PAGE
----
A joint user/operator view. Here we compare the performance of the caching schemes in terms of joint user/operator utility functions. The user utility is described as an exponential function decreasing with , since larger implies smaller latency to access the contents. The operator utility instead is modeled as an exponential function decreasing with the normalized cache size. Following a standard approach, we express the joint utility function as the product of the user and the operator utility, which is depicted in Fig. 11(right). Note that RICH outperforms netPredict, regardless of the cache size. Compared to POP, the RICH utility is significantly higher for small cache sizes, while for larger caches RICH allows for a great reduction in cache occupancy.

V-a Errors in the knowledge of car mobility

To assess the robustness of RICH, we evaluate two kinds of error in the system knowledge of the car mobility. The former affects the dwell time under an EN, and, thus, the actual number of downloaded chunks. The latter affects the knowledge of the sequence of traversed ENs.

Errors in the dwell time. We add a random error to the dwell time experienced by a car. Let be the observed dwell time of a car under a given EN, and let be the minimum observed dwell time under the same EN, based on past statistics. We set the actual dwell time of the car as:


is Gaussian distributed with average

and standard deviation

. When  s, all the dwell times under an EN are deterministically shifted by . When , the car is slowed down, while, for , the car accelerates with respect to its original speed.

Fig. 12(top) shows the cache throughput for different values of and for in the urban Bologna scenario, where the average dwell time across all the ENs is 39 s. For  s, most of the cars spend the minimum time under the coverage of the ENs (), thus the cache throughput becomes very low. The cache throughput increases with as the cars get more time to download the chunks available in the cache. For  s, instead, the high coverage time does not have a significant effect on the cache hit events. Indeed, all the stored chunks have already been downloaded and the extra coverage time cannot be exploited, thus the cache throughput decreases.

Fig. 12(bottom) shows the cache hit probability for different values of . For  s, cars spend less time under coverage, thus both caches hits and misses decrease. However, the cache hit probability remains high due to the large amount of data downloaded by cars under their first EN. For  s, the cache hit probability decreases rapidly by increasing , due to the higher number of cache miss when the cars experience a coverage time longer than expected. The hit probability is almost unchanged for and  s, while it decreases at most by 30% for  s, which is the worst case scenario.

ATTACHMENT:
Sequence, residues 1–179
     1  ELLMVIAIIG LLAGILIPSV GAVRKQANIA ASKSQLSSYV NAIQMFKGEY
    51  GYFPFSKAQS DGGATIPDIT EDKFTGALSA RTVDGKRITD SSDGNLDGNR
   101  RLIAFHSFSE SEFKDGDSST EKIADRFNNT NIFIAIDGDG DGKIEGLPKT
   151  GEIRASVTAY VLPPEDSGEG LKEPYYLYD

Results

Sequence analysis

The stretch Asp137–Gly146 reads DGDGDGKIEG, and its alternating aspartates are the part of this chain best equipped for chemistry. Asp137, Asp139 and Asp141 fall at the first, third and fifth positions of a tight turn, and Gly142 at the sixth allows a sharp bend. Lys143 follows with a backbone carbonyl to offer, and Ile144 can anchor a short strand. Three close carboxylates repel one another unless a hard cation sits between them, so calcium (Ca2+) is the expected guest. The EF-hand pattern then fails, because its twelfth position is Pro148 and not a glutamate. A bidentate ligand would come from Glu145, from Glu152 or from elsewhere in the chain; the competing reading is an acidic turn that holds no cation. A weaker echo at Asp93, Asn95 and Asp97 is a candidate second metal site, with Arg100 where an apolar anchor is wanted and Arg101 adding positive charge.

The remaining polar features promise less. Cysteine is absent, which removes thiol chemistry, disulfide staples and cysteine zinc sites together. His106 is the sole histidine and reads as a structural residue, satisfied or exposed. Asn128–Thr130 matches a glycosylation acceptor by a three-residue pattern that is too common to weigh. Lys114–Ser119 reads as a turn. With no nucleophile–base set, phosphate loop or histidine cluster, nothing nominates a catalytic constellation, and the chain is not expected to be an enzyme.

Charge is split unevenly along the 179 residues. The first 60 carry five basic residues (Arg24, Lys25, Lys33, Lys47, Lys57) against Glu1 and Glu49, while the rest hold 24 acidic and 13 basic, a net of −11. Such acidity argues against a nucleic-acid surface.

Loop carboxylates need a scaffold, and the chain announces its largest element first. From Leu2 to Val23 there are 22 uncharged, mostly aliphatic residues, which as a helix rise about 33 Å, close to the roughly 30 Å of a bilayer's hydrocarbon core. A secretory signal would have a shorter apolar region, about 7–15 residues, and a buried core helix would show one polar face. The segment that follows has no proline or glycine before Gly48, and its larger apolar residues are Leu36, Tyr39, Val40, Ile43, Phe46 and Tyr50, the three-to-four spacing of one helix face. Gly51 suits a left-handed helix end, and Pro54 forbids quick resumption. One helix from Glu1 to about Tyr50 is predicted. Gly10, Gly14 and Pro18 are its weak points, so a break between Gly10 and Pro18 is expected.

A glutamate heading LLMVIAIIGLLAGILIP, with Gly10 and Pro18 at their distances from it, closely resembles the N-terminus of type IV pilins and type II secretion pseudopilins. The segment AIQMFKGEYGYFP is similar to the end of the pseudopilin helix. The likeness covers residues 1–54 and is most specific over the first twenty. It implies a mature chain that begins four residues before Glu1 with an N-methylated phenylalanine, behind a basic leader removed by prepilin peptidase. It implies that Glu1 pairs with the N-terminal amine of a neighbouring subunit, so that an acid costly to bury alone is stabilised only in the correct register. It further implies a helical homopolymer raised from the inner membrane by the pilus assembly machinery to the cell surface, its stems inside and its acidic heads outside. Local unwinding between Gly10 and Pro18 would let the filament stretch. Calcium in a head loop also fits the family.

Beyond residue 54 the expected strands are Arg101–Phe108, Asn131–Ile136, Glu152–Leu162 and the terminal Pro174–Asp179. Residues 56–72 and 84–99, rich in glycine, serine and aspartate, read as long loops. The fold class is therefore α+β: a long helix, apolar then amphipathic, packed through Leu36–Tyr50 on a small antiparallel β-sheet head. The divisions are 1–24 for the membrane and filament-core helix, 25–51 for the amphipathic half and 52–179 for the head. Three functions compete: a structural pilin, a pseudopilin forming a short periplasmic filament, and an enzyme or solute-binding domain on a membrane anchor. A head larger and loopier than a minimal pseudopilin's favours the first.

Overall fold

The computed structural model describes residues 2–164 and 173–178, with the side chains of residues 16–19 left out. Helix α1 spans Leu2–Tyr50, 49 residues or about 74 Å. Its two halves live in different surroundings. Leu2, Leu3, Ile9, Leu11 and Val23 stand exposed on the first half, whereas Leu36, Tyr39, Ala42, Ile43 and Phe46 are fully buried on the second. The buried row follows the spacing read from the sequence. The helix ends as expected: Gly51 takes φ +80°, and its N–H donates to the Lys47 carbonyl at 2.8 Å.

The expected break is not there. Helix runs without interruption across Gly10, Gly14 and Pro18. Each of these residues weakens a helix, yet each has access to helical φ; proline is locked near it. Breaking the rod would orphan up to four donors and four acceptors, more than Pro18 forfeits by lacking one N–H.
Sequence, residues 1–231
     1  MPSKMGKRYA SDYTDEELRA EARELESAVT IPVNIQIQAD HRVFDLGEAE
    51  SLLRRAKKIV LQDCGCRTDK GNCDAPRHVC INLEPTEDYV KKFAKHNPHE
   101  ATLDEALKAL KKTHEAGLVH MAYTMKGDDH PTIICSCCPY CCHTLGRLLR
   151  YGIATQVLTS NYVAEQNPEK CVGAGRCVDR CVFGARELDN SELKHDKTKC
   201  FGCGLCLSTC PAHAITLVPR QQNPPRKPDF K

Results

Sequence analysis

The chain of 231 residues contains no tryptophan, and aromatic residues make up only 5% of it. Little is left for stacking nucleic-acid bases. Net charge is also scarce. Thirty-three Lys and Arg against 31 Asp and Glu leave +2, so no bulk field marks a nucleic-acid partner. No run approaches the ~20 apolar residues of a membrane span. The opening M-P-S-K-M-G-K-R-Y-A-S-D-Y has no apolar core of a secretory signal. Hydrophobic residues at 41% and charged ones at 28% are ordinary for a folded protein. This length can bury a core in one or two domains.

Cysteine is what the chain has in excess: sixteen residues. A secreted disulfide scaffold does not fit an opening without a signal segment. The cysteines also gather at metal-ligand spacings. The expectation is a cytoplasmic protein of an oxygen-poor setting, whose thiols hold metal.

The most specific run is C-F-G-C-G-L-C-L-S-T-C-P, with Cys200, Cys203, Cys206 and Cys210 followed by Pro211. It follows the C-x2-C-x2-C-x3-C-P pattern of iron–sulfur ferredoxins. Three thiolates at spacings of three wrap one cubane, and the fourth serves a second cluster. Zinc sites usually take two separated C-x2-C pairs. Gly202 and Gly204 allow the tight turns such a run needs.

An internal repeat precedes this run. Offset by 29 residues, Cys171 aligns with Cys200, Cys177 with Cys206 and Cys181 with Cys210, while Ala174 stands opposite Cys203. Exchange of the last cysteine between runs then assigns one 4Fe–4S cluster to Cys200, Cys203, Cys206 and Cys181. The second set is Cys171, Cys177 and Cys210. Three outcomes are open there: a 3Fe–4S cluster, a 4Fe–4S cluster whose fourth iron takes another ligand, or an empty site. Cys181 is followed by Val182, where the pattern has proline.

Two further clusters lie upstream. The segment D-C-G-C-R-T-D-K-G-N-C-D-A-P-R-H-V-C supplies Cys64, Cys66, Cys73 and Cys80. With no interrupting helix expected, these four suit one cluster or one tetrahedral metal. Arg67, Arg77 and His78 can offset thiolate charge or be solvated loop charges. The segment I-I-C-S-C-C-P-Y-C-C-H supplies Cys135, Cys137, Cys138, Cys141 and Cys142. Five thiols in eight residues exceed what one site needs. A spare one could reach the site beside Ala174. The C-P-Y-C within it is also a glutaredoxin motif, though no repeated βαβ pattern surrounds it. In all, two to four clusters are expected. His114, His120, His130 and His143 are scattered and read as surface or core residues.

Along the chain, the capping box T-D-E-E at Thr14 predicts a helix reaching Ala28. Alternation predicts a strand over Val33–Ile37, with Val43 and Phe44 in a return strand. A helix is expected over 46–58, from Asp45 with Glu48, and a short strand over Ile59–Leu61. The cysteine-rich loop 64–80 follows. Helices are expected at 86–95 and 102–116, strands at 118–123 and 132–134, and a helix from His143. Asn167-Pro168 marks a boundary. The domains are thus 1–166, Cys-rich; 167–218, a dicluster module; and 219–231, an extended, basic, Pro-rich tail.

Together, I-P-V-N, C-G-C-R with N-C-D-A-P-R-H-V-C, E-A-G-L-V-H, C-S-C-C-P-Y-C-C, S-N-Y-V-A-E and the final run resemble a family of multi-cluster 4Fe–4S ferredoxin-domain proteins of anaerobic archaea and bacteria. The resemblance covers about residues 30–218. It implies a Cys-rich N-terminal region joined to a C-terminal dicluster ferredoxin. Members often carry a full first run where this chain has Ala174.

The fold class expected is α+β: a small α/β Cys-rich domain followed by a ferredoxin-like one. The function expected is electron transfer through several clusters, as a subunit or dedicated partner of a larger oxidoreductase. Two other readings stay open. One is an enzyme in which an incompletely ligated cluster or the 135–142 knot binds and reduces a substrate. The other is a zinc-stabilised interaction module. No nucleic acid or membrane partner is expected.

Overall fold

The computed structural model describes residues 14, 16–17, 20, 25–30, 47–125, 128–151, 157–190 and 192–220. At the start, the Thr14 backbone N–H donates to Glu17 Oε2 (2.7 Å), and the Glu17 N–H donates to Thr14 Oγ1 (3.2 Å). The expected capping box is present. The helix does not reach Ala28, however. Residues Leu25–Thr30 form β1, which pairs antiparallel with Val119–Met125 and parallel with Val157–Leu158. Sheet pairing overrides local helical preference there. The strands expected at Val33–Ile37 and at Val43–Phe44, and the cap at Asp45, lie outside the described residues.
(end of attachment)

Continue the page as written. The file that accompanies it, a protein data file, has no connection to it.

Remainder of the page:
Figs. 13(top) and 13(bottom) depict the backhaul traffic and the normalized backhaul overhead. Both metrics are low when  s, as cars spend less time under coverage, hence the number of cache miss is small and few requests reach the Data Store. When  s, both metrics increase due to the significant increase in the number of cache miss. Notably, due to the large content reuse, the backhaul overhead is negative.

In summary, only large errors in the dwell time (i.e., large values of or ) have an evident impact on the performance, as they make the past statistics nearly useless. Otherwise, the performance is just slightly affected by errors, confirming the robustness of the proposed approach.

Fig. 12: Urban Bologna scenario: effect of random error in dwell time on the cache throughput (top) and on the cache hit probability (bottom).
Fig. 13: Urban Bologna scenario: effect of random error in the dwell time on the backhaul traffic (top) and on the normalized backhaul overhead (bottom).

Errors in the car path. In the considered scenario, RICH relies on the information on just two subsequent ENs traversed by a car along its path. Additionally, it runs when a car enters the coverage area of the first EN, thus guaranteeing some intrinsic level of robustness. Nevertheless, a car could change its actual trajectory by completely skipping the second EN along its expected path – an event that could arbitrarily affect the cache hit.

To understand the effect of errors in the cars path, we selected at random a set of 20% and 50% of cars that would skip the second EN along their path, in the urban Bologna scenario. Fig. 14 shows the cache throughput (averaged over several simulation runs) versus the cache size. The cache throughput decreases by approximately 10% and 23% with respect to the case where cars follow the original path, confirming the robustness of the proposed approach.

Fig. 14: Urban Bologna scenario: effect of error in the car path on the cache throughput.

V-B More detailed knowledge on car mobility

We now analyze the benefit that a more detailed information on the car mobility could bring. To this end, we classify the cars in two categories: slow and fast. Slow cars are those dwelling under the coverage area of an EN longer than 10 s; all others are classified as fast cars. Table 

VIII reports the coefficient of variation of the resulting dwell time